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Darpa: Freeze Soldiers to Save Injured Brains

From Wired:

The Pentagon’s mad science division has a new way to deal with the 70,000+ troops diagnosed with traumatic brain injury: freeze ‘em.

Darpa, the military’s far-out research arm, is looking for research projects that would create a “therapeutic hypothermia device” to prevent traumatic brain injuries from causing permanent molecular damage to the brain. The idea is based on successful studies that used cortical cooling to treat survivors of strokes and cardiac arrest. According to Darpa’s solicitation, cooling down the brain after trauma can offer “dramatic neuroprotection” that will prevent long-term harm to cognition and motor skills.

So far, Darpa-funded studies suggest that traumatic brain injuries are caused by repeated exposure to blasts, specifically the “supersonic wave” of highly-pressurized air they emit. Within a fraction of a second after impact, brain cells, tissues and blood vessels are stretched, torn and distorted. Over the hours, days and months that follow, altered brain processes create a snowball effect of damage – which is why symptoms often don’t show up until troops come home.

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Pentagon Unveils New Chembot

via cnet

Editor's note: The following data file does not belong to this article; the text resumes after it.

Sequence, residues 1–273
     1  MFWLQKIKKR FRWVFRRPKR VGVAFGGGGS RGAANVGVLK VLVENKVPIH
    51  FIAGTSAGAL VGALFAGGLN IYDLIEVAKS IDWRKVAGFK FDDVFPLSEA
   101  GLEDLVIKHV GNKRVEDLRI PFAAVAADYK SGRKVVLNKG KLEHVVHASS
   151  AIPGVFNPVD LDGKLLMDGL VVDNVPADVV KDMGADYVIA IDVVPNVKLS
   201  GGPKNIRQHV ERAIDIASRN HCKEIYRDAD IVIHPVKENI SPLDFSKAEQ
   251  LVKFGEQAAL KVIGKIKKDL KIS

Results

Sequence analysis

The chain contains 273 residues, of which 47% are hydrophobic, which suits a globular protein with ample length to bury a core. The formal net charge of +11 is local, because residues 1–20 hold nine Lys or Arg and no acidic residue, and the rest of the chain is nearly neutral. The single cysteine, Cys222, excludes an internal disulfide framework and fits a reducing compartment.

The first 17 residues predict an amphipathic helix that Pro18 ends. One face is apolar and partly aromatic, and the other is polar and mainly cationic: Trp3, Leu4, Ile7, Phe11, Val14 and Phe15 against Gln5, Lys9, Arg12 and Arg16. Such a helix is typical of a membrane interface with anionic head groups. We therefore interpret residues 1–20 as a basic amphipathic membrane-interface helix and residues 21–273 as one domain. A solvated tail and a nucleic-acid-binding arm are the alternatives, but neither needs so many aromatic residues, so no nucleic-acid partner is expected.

The Defense Advanced Research Projects Agency and the U.S. Army Research Office awarded a multimillion-dollar contract to iRobot to create the flexible military bot. The maker of the Roomba and Scooba, along with University of Chicago researchers, showed off the oozy results at the Iros conference (the IEEE/RSJ International Conference on Intelligent Robots and Systems) in St. Louis this week. DARPA envisions the palm-size ChemBot as a mobile robot that can traverse soft terrain and navigate through small openings, such as tiny wall cracks, during reconnaissance and search-and-rescue missions. It gets around by way of a process called "jamming," in which material can transition between semiliquid and solid states with only a slight change in volume. In ChemBot's case, a flexible silicone skin encapsulates a series of pockets containing a mix of air and loosely packed particles. When air is removed from the compartments, the skin attempts to equalize the pressure differential by constricting the particles, which shift slightly to fill the void left by the evacuated air. In that way, the weird little blob inflates and deflates parts of its body, changing size and shape--and scaring the living daylights out of us. We don't know exactly when ChemBot will join the Armed Forces, but we can only beg: please, oh please, keep it away from us.